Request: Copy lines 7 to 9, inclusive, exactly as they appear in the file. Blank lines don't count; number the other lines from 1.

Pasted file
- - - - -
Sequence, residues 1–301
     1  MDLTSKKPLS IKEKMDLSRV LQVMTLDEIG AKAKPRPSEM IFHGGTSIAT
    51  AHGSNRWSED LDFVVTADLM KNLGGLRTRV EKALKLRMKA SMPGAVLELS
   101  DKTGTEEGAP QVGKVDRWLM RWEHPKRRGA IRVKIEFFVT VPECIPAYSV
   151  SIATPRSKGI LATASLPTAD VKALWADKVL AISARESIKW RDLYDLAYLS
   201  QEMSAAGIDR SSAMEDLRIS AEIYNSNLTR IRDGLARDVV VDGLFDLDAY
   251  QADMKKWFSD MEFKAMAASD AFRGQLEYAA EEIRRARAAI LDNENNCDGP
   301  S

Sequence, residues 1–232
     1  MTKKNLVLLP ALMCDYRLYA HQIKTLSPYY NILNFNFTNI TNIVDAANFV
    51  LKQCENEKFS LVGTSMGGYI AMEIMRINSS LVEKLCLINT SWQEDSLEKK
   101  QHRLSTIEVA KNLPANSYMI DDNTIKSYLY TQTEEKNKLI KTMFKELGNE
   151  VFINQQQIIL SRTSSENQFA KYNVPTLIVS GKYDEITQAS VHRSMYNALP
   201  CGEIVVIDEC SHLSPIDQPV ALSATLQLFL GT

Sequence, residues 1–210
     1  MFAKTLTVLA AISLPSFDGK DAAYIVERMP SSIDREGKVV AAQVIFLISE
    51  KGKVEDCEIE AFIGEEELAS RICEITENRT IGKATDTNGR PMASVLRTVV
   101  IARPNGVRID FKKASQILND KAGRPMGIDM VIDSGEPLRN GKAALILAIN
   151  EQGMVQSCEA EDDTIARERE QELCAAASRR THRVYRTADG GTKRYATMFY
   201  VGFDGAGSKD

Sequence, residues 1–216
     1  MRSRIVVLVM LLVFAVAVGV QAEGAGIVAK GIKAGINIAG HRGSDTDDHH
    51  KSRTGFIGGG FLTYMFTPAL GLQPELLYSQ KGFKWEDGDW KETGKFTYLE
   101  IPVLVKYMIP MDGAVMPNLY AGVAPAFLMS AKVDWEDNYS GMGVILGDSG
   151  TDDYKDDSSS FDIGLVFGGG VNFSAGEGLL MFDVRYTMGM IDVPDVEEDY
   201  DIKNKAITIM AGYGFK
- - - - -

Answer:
   251  QADMKKWFSD MEFKAMAASD AFRGQLEYAA EEIRRARAAI LDNENNCDGP
   301  S

Sequence, residues 1–232